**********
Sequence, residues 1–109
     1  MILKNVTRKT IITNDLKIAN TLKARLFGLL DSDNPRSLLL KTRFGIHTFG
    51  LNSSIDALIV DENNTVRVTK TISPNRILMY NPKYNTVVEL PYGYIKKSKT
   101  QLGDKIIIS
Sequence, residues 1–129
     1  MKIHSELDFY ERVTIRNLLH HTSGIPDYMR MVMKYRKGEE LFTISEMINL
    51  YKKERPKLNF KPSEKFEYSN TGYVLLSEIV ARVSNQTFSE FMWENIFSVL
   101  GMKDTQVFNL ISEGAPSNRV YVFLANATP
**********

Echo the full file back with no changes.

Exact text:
Sequence, residues 1–109
     1  MILKNVTRKT IITNDLKIAN TLKARLFGLL DSDNPRSLLL KTRFGIHTFG
    51  LNSSIDALIV DENNTVRVTK TISPNRILMY NPKYNTVVEL PYGYIKKSKT
   101  QLGDKIIIS
Sequence, residues 1–129
     1  MKIHSELDFY ERVTIRNLLH HTSGIPDYMR MVMKYRKGEE LFTISEMINL
    51  YKKERPKLNF KPSEKFEYSN TGYVLLSEIV ARVSNQTFSE FMWENIFSVL
   101  GMKDTQVFNL ISEGAPSNRV YVFLANATP